The top food trends you're craving in 2019
The fun, the funky, the ... fermented? Here are some notable foods that are on trend for this year.
Food fads come and go, but there are some trends that seem to stick around for the long haul. In this list, we’re rounded up some of the foods we’re keeping an eye on. Take a look and see how many of these foods you’ve tried, and if you think they’re keepers. My guess is that by next year, half of them will be forgotten – and the other half? They’ll be the hottest items in the culinary world.
The milk market has expanded tremendously in recent years, and shoppers are faced with a virtual milk bar. The choice used to be simple – skim, whole or 2%. Today’s consumer can choose their favorites from pea milk to milked cashews or peanuts, rice or soymilk, and many others. The plant-based milk market saw a 20% rise in 2018, and new varieties keep rolling out.
Oat milk is one of the newer milks on the shelf, and its rise to popularity may be due to the high-protein, low-fat content, as well as the lack of common allergies – soy and nuts, for starters. There are several manufactured brands, but it’s easy enough to make homemade oat milk, with online recipes for chocolate, berry, and and vanilla flavored varieties.
Vegan beef jerky
Beef jerky is a popular high-protein fast food snack for people on the go, and the vegetarian and vegan community wasn’t sitting this one out. Manufacturers like Krave, Primal, Unisoy, and Louisville offer vegan beef jerky in a range of flavors – Sweet Sriracha, Sizzlin Cajun, and Bourbon Smoked Black Pepper, to name a few.
If you’re brave enough to make your own, recipes for vegan beef jerky are typically made from tempeh or firm tofu. Other vegan jerky recipes call for eggplant, mushrooms, jackfruit, watermelon, cauliflower or pumpkin, yielding a colorful, nutritious lineup.
Water lily seed snacks
Move over, chia seed chips, this new and unique snack is growing in popularity even with its high price point. Wondering why customers are shelling out upwards of $4 for a 2-ounce bag of water lily seed snacks? In addition to being protein-packed, vegan, paleo and gluten-free, it’s touted as a snack that helps with weight loss. Which may explain the 300% increase in online consumer interest last year.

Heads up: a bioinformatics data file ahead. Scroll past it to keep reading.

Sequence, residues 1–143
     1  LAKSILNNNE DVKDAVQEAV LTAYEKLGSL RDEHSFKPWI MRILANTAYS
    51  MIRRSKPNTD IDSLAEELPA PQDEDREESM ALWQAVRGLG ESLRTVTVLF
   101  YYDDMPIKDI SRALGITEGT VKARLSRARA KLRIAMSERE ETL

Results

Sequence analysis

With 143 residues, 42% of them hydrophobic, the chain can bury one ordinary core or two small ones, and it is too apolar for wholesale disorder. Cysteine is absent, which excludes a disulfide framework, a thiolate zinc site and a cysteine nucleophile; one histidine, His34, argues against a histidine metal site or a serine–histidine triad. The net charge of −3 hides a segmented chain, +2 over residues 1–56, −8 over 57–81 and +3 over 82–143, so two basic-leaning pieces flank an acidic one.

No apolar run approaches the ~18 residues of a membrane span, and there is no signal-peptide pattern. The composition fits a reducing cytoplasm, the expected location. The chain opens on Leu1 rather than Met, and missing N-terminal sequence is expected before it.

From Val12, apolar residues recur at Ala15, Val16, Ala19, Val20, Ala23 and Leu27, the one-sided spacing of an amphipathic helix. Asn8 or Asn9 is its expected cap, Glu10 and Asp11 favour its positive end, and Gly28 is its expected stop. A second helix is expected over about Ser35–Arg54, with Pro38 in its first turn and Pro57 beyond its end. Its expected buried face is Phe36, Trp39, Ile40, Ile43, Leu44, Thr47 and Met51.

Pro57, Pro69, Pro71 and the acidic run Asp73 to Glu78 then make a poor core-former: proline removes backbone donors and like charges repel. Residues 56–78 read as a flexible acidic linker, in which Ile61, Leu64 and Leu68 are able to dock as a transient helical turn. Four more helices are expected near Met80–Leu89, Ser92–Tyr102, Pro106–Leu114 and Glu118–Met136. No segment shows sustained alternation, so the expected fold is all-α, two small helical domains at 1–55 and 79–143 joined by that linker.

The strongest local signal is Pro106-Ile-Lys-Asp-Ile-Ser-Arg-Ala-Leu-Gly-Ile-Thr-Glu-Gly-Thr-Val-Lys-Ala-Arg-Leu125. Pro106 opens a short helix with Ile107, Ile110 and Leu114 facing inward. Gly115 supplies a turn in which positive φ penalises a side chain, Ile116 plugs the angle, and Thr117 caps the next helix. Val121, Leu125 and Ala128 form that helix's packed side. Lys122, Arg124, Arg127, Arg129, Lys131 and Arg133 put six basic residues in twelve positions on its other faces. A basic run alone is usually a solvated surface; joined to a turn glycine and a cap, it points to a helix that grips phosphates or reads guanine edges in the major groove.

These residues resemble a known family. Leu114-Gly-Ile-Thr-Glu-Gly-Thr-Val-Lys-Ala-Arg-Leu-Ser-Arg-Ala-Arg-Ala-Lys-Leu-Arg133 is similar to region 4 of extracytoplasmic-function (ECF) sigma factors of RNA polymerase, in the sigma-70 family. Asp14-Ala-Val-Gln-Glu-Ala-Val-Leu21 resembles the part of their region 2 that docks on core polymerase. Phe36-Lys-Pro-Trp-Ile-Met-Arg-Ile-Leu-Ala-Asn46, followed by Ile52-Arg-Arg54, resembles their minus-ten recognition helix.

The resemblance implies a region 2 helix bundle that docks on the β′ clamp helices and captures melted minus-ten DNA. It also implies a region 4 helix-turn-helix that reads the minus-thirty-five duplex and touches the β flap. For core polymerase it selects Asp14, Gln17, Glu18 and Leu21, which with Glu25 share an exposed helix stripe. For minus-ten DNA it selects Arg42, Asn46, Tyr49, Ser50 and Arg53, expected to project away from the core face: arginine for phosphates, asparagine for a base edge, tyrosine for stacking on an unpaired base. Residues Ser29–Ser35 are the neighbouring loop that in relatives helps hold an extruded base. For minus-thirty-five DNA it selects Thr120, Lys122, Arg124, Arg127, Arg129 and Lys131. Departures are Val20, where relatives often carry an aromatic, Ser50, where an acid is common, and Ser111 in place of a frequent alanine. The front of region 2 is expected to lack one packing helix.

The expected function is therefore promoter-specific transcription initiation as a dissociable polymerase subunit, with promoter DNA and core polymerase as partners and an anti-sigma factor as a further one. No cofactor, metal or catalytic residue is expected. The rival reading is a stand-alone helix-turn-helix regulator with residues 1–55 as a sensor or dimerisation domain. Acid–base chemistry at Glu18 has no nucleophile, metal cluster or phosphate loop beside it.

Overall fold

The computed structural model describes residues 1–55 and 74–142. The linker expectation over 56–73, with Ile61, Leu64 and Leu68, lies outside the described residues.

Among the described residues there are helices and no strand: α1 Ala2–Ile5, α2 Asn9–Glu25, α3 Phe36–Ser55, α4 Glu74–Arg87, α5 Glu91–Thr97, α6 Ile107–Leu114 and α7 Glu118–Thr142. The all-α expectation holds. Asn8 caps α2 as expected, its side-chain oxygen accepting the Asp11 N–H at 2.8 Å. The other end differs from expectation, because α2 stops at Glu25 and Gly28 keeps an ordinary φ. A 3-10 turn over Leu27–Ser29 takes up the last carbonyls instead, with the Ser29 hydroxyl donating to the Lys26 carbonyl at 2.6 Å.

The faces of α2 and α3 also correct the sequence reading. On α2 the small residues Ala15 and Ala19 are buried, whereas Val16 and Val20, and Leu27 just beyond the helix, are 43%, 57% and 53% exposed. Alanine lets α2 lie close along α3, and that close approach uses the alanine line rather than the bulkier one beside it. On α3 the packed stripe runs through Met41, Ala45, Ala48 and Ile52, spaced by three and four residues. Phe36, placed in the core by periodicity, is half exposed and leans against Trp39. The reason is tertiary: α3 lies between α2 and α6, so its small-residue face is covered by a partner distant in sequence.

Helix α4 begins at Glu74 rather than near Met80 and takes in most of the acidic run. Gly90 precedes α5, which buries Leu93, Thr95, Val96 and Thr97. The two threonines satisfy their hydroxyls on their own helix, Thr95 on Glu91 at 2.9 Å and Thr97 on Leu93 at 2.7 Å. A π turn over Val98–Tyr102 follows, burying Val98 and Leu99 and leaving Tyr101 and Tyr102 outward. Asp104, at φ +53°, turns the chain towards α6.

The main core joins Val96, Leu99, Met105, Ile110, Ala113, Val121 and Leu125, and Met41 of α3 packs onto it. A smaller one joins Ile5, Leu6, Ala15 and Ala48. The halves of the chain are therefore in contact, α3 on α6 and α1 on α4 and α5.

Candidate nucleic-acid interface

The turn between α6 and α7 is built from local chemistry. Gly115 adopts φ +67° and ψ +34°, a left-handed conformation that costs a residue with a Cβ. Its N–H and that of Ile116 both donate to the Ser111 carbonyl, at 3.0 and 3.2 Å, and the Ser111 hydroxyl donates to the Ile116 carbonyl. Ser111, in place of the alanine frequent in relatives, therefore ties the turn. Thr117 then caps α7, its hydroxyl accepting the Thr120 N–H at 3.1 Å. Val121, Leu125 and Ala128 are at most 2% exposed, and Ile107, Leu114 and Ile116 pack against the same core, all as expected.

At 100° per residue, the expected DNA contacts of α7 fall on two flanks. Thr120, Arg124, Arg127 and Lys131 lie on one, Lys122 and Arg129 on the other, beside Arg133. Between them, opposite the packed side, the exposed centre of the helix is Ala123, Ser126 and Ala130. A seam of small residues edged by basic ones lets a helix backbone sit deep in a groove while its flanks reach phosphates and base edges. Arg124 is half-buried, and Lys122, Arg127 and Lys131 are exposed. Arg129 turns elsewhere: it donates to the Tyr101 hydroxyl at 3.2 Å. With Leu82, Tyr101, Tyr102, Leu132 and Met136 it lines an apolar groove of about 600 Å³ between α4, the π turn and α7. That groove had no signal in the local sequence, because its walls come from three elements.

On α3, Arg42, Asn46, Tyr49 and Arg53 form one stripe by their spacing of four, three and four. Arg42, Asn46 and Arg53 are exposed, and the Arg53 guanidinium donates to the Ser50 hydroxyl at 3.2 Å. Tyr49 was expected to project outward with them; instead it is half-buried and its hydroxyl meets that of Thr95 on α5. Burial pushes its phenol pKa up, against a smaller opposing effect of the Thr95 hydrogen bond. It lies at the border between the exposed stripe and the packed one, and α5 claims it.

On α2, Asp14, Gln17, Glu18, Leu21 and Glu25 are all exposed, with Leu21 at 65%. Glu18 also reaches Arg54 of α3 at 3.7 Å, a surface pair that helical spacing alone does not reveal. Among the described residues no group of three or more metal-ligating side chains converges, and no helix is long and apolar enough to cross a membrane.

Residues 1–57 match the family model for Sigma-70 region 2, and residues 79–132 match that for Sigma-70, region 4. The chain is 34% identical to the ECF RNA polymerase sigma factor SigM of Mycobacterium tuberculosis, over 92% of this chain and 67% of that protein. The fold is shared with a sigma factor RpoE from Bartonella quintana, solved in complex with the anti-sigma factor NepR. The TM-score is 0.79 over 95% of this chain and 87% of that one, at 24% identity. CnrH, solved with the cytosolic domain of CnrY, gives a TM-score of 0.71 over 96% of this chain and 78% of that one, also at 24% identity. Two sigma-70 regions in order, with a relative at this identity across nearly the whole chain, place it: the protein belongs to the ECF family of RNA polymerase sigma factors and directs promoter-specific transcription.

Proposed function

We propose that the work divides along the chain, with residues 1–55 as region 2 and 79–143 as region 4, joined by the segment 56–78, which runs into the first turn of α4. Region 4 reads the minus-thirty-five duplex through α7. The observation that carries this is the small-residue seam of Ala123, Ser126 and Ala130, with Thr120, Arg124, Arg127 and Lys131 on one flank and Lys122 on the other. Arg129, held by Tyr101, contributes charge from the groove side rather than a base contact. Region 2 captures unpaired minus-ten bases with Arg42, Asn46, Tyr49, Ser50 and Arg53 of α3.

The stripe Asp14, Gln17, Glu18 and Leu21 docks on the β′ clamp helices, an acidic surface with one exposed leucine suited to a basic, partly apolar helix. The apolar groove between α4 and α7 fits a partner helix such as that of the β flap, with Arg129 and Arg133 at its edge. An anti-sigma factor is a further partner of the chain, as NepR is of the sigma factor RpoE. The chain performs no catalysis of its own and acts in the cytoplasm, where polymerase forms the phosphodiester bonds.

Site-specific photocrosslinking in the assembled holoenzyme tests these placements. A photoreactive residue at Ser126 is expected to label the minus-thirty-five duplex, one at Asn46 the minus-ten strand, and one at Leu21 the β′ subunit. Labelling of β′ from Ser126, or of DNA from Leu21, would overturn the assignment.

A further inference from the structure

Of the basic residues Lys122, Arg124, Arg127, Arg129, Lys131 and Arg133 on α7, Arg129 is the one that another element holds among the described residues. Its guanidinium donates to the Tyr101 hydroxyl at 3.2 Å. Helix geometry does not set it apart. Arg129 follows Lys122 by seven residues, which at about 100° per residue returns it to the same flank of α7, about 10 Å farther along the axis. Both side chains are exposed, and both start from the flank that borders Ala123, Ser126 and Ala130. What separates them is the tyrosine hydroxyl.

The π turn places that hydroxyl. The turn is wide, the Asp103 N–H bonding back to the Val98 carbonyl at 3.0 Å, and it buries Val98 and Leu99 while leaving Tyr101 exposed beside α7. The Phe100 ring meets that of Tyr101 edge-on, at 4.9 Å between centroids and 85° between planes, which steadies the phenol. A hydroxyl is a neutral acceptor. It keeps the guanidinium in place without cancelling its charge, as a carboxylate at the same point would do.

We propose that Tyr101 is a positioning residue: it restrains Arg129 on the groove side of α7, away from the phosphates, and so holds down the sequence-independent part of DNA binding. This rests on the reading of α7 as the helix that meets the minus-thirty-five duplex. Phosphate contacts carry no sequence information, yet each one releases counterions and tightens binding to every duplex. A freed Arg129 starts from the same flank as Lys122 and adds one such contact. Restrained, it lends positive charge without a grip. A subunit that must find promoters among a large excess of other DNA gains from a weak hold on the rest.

It’s in your facial wash, but do you really want to eat collagen? The answer, according to some scientists and doctors, is yes. Edible collagen is showing up in snacks, drinks and wraps, and a growing number of foods are being made with almond butter and argan oil to achieve the same results.
Foods infused with collagen can help improve elasticity and moisture and prevent wrinkles, yielding younger-looking skin. Early studies on collagen-infused foods have shown promise, and even the skeptics are hopeful that this can be a real breakthrough in skincare. Dermatologists advise going with brands that are transparent about their heavy metal content, and look for seals such as NSF or USP for quality control.
Plant-based foods with upcycled products
If that heading has you confused, think vegan food meets sustainable practices – and they do make good bedfellows. Companies like the Israel-based O. Vine wine water are taking a product that would normally become food waste (fruit or vegetable pulp, for example), and upcycling it to produce a high quality, low waste food. Expect to see more of this practice, with complete transparency and bragging rights from the manufacturers who jump on board.
Cannabis-infused food and beverages
CBD oil, which is now legal in all 50 states, is making appearances where you least expect it – in cooking oil, coffee, tea, chocolate, beer, pasta, fast food, and at ice cream shops. The attraction with these foods is a lessening of anxiety, pain relief, and with a certain demographic – the edge factor. Forbes questions the viability of the many startups launching products with CBD, but with interest from big players like Coca-Cola and Molson Coors, there's bound to be a solid and sustainable breakthrough in the market.
Fun and funky ice cream
Sugar free halva and poppy-seed ice cream from Capitolina in Tel Aviv. (Photo: Noam Zomerfeld / Flickr)
CBD oil is not the only strange ingredient showing up in summer’s culinary sweetheart. Ice cream shops around the world are competing for the strangest or the most gourmet ice cream they can dream up. From healthy and high-protein frozen treats, to gourmet or deep black ice cream, the sky’s the limit. Expect to see more of this trend in 2019 – and get your taste buds ready for some really cool treats.
My first glimpse of this unique flour was at the Summer Fancy Food Show in 2018, at the incredibly diverse Pereg display. The Israeli company is quite innovative with their food lineup, and now others have jumped on the bandwagon offering straight cassava flour, and products made with it. As a gluten-free source of protein and lysine, cassava is set to become a popular alternative to other grains. We’re seeing several cassava products on the market now – including chips, pasta and flatbread, and more of it may be showing up this year on fast food menus, and in traditional grocery stores.
Kombucha, kvas and kefir – sounds like the start of an old sitcom, but these three traditional drinks are part of a rising trend in gut-friendly fermented beverages. Sales of fermented beverages rose 20% last year, and the trend is expected to continue, with mushroom brews, drinking vinegar, and gut shots coming along for the ride.
Consumers are more aware than ever of the importance of gut-health for overall wellness, hence their popularity. There are nutritional – and definitely taste – differences between the various fermented drinks, and you can make your own at home with this recipe for homemade Kombucha.
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